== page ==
Code editor on the left two-thirds and web browser on the right third.
Full screen mode on Mac with VSCode on the left and Chrome on the right.

I prefer to use full-screen mode on my Mac. That way, I can make sure there are no distractions in the recording from files on my desktop or notifications in the menu bar. Speaking of notifications, turn on "Do Not Disturb" to ensure no distractions come through.

Start Recording

I can list tips and best practices for what to say and how to talk while you're recording, but the best way to get started is to jump right in. Honestly, hit record and start talking. Start with a dry run. You're going to make a ton of mistakes your first time, but that's okay. You'll improve over time. Playback that initial recording and pinpoint the things you need to improve on for the next run.

Shooting for the Edit

A friend of mine taught me about "shooting for the edit". The technique is used in film production and makes the post-production process much more efficient. Plan out the shots you need ahead of time and keep the edit in mind as you're shooting. We can apply the same techniques to making screencasts.

Your screencast doesn't have to be a perfect shot of you talking and coding. You can make mistakes along the way. If you mess up, backtrack a few steps and restart from there. When you're editing, you can remove the bit where you messed up, and the final product will look like one smooth shot. It takes a while to get used to it, and it's something that I still struggle with myself. I used to restart my recordings from the beginning every time I felt like I messed up. Rest assured that in the final product, no one will even notice you messed up—that's the power of editing.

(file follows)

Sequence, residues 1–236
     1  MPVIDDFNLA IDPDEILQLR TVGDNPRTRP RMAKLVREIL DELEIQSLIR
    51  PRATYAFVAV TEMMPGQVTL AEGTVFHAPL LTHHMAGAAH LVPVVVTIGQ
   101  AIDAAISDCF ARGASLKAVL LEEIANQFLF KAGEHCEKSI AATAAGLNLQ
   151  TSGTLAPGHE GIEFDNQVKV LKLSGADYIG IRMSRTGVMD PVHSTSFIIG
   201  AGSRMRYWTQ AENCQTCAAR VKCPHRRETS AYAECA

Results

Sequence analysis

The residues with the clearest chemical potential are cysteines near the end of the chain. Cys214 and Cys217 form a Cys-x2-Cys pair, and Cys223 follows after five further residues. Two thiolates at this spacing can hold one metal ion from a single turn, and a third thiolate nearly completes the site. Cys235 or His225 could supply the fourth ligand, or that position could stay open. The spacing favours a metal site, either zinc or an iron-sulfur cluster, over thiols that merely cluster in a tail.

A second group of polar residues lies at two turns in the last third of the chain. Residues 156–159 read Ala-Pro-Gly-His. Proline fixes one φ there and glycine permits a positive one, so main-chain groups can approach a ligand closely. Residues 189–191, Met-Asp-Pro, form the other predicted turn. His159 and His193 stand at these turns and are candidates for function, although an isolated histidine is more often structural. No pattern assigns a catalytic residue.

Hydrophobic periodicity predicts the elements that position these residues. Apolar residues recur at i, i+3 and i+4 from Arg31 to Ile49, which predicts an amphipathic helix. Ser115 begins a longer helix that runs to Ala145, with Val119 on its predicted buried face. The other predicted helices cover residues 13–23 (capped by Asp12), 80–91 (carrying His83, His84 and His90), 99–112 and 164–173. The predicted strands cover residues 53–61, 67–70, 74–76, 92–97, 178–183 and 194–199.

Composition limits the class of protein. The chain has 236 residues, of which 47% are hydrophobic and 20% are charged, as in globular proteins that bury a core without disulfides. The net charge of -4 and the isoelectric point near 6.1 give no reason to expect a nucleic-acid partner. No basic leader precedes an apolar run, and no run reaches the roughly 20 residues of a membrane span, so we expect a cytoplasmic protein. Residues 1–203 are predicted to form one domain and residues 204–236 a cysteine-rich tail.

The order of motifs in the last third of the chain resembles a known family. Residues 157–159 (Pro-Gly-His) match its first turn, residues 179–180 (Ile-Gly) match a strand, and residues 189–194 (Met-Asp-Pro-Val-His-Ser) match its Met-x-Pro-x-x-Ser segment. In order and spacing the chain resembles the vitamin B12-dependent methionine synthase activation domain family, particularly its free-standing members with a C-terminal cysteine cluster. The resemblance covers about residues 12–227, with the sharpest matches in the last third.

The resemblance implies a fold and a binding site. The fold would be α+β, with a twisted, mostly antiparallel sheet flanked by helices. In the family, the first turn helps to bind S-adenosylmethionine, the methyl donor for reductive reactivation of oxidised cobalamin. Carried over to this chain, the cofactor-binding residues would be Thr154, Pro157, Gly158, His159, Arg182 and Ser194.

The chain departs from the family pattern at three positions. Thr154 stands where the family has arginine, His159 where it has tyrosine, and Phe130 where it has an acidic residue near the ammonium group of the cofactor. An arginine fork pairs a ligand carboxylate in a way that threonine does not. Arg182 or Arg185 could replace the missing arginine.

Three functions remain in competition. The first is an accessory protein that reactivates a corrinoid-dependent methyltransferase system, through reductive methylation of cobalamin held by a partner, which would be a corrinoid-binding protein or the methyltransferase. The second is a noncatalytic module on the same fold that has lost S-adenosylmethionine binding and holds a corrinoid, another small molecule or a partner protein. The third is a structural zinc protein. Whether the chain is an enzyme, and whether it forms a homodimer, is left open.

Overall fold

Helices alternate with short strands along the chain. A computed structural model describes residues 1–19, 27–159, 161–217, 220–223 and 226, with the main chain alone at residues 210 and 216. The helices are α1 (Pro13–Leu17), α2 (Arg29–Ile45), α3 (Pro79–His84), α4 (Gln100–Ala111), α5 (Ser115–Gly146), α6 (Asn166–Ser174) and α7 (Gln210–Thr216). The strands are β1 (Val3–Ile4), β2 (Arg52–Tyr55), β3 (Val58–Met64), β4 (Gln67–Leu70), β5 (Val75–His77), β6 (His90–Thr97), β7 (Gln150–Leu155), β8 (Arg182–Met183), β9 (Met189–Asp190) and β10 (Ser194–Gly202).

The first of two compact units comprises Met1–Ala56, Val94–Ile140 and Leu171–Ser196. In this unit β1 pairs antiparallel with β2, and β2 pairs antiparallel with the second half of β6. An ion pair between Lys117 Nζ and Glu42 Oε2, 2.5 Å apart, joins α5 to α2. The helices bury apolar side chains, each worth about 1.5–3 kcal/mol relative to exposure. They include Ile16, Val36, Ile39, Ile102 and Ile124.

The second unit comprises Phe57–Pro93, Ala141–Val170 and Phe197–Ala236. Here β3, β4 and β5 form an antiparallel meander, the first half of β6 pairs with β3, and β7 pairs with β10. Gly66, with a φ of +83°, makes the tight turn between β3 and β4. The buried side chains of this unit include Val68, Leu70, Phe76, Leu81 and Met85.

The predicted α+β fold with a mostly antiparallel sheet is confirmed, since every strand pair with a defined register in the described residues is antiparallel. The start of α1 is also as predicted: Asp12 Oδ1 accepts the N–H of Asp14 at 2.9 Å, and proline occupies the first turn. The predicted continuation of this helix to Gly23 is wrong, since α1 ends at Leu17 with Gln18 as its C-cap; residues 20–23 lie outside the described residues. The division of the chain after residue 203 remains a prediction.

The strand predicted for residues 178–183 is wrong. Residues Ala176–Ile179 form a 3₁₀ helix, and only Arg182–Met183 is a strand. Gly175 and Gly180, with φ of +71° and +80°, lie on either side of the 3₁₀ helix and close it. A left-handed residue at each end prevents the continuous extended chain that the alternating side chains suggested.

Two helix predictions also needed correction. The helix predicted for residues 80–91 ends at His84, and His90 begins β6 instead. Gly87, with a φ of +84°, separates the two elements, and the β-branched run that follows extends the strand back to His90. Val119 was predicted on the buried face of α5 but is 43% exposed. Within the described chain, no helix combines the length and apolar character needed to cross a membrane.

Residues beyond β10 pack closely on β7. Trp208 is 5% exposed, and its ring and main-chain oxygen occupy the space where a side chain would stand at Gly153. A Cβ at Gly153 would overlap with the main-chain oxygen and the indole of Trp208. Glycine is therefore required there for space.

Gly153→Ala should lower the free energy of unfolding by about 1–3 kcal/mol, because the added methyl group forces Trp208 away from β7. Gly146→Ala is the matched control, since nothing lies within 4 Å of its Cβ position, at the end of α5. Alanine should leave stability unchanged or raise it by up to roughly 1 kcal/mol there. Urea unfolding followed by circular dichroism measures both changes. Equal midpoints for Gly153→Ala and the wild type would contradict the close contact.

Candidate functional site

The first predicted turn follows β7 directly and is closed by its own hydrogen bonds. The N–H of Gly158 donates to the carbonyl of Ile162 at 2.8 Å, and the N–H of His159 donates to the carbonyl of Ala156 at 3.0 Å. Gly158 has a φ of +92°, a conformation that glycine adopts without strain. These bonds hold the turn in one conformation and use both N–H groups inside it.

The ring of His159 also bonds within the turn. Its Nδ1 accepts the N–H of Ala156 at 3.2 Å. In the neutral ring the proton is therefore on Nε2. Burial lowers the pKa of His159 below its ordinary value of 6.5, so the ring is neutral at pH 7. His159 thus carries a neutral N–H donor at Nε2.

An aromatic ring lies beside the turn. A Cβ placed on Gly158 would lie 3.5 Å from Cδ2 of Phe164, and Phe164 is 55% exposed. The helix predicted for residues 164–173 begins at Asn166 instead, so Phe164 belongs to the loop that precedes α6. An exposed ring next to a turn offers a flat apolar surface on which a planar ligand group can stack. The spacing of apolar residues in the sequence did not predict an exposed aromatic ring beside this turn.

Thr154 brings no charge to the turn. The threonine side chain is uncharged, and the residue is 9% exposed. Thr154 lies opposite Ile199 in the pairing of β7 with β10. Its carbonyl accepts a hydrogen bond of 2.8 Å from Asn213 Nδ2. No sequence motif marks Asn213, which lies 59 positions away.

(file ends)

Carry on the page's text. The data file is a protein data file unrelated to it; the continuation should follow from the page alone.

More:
Closing Feedback

I want to leave you with constructive feedback that I received from my first screencast. I reference these points every so often to ensure I'm creating the best possible content.

  • Be conversational. Talk as if you're sitting down with a friend and walking them through what you're doing.
  • Transition between topics. Make sure your audience knows when you're down with the current step and then lead them into the next one.
  • Explain your actions even if it's brief. For example, when stopping a server or creating a new file, state that step in your video.
  • Narrate as you type. It slows down your pace and allows your viewer to closely absorb what you're doing.
  • Always run your commands. You can speed them up in post production.
  • Avoid fidgeting. Don't move your mouse or cursor around too much. Watching it fly across the screen is distracting.
  • Learn to appreciate long pauses. Take the time you need to gather your thoughts, especially if you're heading into a new subject. These pauses are easy to remove during editing.
  • End the video with a brief recap. Ask yourself, "what did we just accomplish?"
  • Stick with your pronouns. Use either "we"/"us" (plural personal) or "you" (second person). I prefer to use "we"/"us" because it sounds more welcoming.

There you have it! I hope you enjoyed these tips on getting started with screencasts.